15. Turning to the facts of the present case in the light of the view taken by me in the preceding paragraph, I have no hesitation in accepting the two-fold submission made before us by Mr. Khandalawala. As far as witness Klaus Kafaic is concerned, he has been re-employed by his former employer Fr. Meyer's Sohn Hamburg and was forbidden by his employer even to go to London for the purpose of giving evidence in this case. That is apparent from his letter dated March 21,1967 addressed to the Indian Consulate in Berlin. In the said letter it is stated that the view of his employers is that they were only forwarding agents and it was not competent to them to give evidence about the business and the same was forbidden by German usage. He further stated in the said letter that he had to accept the orders of his employers to whom he was subordinate. There can be no doubt that if Klaus Kafaie was forbidden by his employers to go to London for the purpose of giving evidence on the ground that it was not the business of a forwarding agent to do so and the same was forbidden by German usage, a fortiori, he is not in a position to come to India for the same purpose. Mr. Khandalawala has rightly contended that as far as Klaus is concerned, therefore, the possibility of his losing job if he were to disobey his employers and come to India to give evidence, would be harm or injury which would clearly fall within the term 'inconvenience' in Section 503 of the Code. I have also no hesitation in accepting the contention of Mr. Khandalawala that in regard to all witnesses other than Klaus Kafaie, the risk to their personal safety occasioned by the intimidation and threats given by accused No. 2 in regard to which there is a concluded finding of fact, both of the High Court as well as of the Supreme Court in this very case (69 Bom. L.R. 855, at p. 858) to which I have already referred, would also be harm or injury that would bring the case within the terra 'inconvenience' in Section 508. In my opinion, it is no longer open to accused No. 2 to challenge the fact that he had intimidated or tampered with the witnesses whom the prosecution desired and still desires to examine in Germany, Reference may be made in this connection to an anonymous letter dated August 6, 1966, which was addressed, according to the prosecution, by accused No. 2 which shows clearly that threats were held out to all the German witnesses whom the prosecution proposed to examine. This, of course, would not apply to the customs officers in Germany who are also sought to be examined by the prosecution on commission, but there can hardly be any doubt that it would cause the gravest inconvenience to customs authorities in Germany to come and give evidence in India. I do not, however, accept Mr. Khandalawala's further argument that the present case also falls within the term 'delay' used in Section 508 of the Code, on the ground that even indefinite delay would be covered by that term. In my opinion, such a construction of the term would be very unnatural for the term 'delay' postulates a mere deferment in point of time, but it is implicit in it that there would be a possibility of accomplishing that which is deferred. In my opinion, the term 'delay' as used in Section 508 necessarily postulates that there is a possibility of the witness being procured, though the prosecution might not be able to say when he could be procured. That is not the position here and the case, therefore, would not fall within the term 'delay' in Section 508 of the Criminal Procedure Code. As far as the term 'expense' in Section 508 is concerned, I am afraid, no material at all has been placed before us on which we can come to the conclusion that the expense involved would be such as to justify the making of an order for the examination of the witnesses from Germany on commission. The Court cannot proceed on any general notions in regard to the expense, or make a general estimate as to costs based upon its own knowledge. In the absence of any material being placed before us on that score, I am unable to take the view that the granting of the commission applied for would be justified in the present case on the ground of unreasonable expense.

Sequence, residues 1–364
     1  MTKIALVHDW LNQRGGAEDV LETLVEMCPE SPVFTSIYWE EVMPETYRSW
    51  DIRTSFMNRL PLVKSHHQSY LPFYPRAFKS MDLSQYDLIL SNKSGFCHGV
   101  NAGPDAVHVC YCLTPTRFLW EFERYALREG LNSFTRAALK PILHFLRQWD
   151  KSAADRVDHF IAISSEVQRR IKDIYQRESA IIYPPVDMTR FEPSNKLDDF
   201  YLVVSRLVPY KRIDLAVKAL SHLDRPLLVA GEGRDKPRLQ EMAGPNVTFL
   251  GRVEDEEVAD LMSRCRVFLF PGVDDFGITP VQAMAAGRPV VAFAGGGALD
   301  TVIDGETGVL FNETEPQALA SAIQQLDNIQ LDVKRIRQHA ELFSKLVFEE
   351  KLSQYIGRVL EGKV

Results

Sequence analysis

16. That brings me to the second question formulated by me viz., whether this Court has inherent power to make an order for the examination of witnesses on commission under Section 561 A of the Criminal Procedure Code in a case not covered by Section 508 thereof. Several authorities have been cited before us in regard to the exercise of inherent powers by the High Court, but I do not think it necessary to discuss all of them. There are five decisions of the Supreme Court to which, however, I must refer. The first in point of time is the decision of the Supreme Court in the case of Talab H. Hussain v. M.P. Mondkar A.I.R. S.C. 876 : 60 Bom. L.R. 937, A.I.R.  S.C. 542 in which the question which arose was whether the High Court could cancel the bail granted under Section 496, Criminal Procedure Code, to a person accused of a bailable offence. Holding that it had the inherent power, to do so, Gajendragadkar J. who delivered the judgment of the Supreme Court stated (para. 6) that the primary object of criminal procedure was to ensure a fair trial, and that a fair trial had naturally two objects in view; it must be fair to the accused and must also be fair to the prosecution. He further proceeded to observe that the trial must never be so conducted by the prosecution as would lead to the conviction of an innocent person; similarly, the progress of a criminal trial must not be obstructed by the accused so as to lead to the acquittal of a really guilty offender, and that the acquittal of the innocent and the conviction of the guilty were the objects of a criminal trial, and if any conduct on the part of an accused person was likely to obstruct a fair trial, there was occasion for the exercise of the inherent powers of the High Courts to secure the ends of justice. The Supreme Court, therefore, took the view (para. 10) that if by his subsequent conduct, a person accused of a bailable offence forfeited his right to be released on bail, that forfeiture must be made effective by invoking the inherent power of the High Court under Section 561A, and that the omission of the Legislature to make specific provision in that behalf was clearly due to inadvertence and could not be regarded as deliberate. In an earlier part of the judgment (para. 5), it was observed that in prescribing rules of procedure the Legislature undoubtedly attempted to provide for all cases that were likely to arise, that it was however not possible that any legislative enactment dealing with procedure would f succeed in doing so and lacunae were sometimes discovered in procedural law, and that it was to coyer such lacunae that procedural law invariably recognized the exercise of inherent power in Courts. Gajendragadkar J. then proceeded to point out that it was only the High Courts whose inherent power was recognised by Section 561 A, and even in regard to that power, definite statutory safeguards had been laid down as to its exercise, viz., that it could be exercised only where the High Court was satisfied either that an order passed under the Code would be rendered ineffective, or that the process of any Court would be abused, or that the ends of justice would not be secured. It is important to note that Gajendragadkar J. said that in such cases, ' the High Court can and must exercise its inherent power under section 561 A.' In the concluding paragraph of the judgment the learned Judge, however, cautioned the High Courts that that power had to be exercised 'sparingly, carefully and with caution and only when such exercise is justified by the tests specifically laid down in the section itself.' From a careful perusal of the decision of the Supreme Court in the said case two specific propositions relevant to the present case emerge as having been laid down by that Court : (1) if the primary object of fair trial viz., a trial that is fair both to the accused as well as the prosecution, is likely to be defeated as a result of the absence of a specific statutory provision due to oversight or inadvertance on the part of the Legislature, there is occasion for the exercise of the inherent powers of the High Court under Section 561A in order to secure the ends of justice; (b) those inherent powers cannot, however, be invoked in respect of any matter covered by specific provisions of the statute if their exercise would be contrary to, or inconsistent or in conflict with, specific provisions of the statute. The decision of the Supreme Court in Talab Hussain's case is, therefore, of considerable assistance for the purpose of determining the scope nature and object of the inherent powers of the High Court under Section 561A of the Criminal Procedure Code. In the case of Khushi Ram v. Hashim A.I.R. S.C. 542, seventeen accused persons were committed to the Sessions Court in respect of etc. read with Section 149 of the Indian Penal Code. They Section 561A of the Code of Criminal Procedure to the Allahab that order of commitment. The High Court allowed that the order of commitment, purporting to act under the so that application it was sought to be contended that the G provided ins. 215 thereof for the quashing of commitment and that too, only on a point of law. The Supreme Co. and setting aside the order of the High Court, observed offences under Sections 395,897, side an application under High Court challenging application and quashed d Section 561A. In opposing le of Criminal Procedure by the High Court alone, t in allowing the appeal at page 544) that it was unnecessary to emphasise that the inherent power of the High Court under Section 561A could not be invoked in regard to matters which are directly covered by the specific provisions of the Code, and the matter with which the learned Judge was concerned in the said case was directly covered by Section 215 of the Code. It would not be out of place to point out that the Supreme Court has laid stress on the fact that the matter in question must be 'directly ' covered by a 'specific' provision of the Code. If, therefore, the contingency that has arisen in a particular case is not directly covered by a specific statutory provision, the inherent power of the High Court in regard to such a matter would not be displaced by virtue of the decision of the Supreme Court in Khushi Ram's case. The next decision of the Supreme Court to which I must refer is in the case of B. P. Kapur v. State of Punjab : 1960CriLJ1239 . In that case, a First Information Report was lodged against the appellant in which it was alleged that he and his mother-in-law had committed offences under Section 420 read with certain other sections of the Indian Penal Code. As no further action was taken on that First Information for several months, the appellant filed & criminal complaint against the maker of the First Information Report under Sections 204, 211 and 885 of the Indian Penal Code contending that the said report was false. The proceedings in respect of the complaint filed by the complainant were thereafter adjourned by the Magistrate, and the appellant thereupon moved the Punjab High Court under Section 561A of the Code for quashing the proceedings initiated by the First Information Report in question. The High Court rejected that application on the ground that no case had been made out for quashing the proceedings under Section 561A. From that order, the appellant approached the Supreme Court which dismissed the appeal. The Supreme Court, in doing so, took the view that inherent powers could not be exercised in regard to matters specifically covered by other provisions of the Code, nor can they be used to quash the proceedings in a proper case, either to prevent abuse of the process of the Court or otherwise to secure the ends of justice, which must ordinarily be tried under the provisions of the Code. The Supreme Court, however, proceeded to observe that it was neither possible nor desirable or expedient to lay down any inflexible rule which would govern the exercise of the Court's inherent jurisdiction. It further observed that in exercising its jurisdiction under Section 561A the High Court would not embark upon an enquiry as to whether the evidence in question is reliable or not. The said case is concerned only with the scope for invoking the inherent powers of the Court in relation to the quashing of criminal proceedings and is of no assistance as far as the facts of the present case are concerned.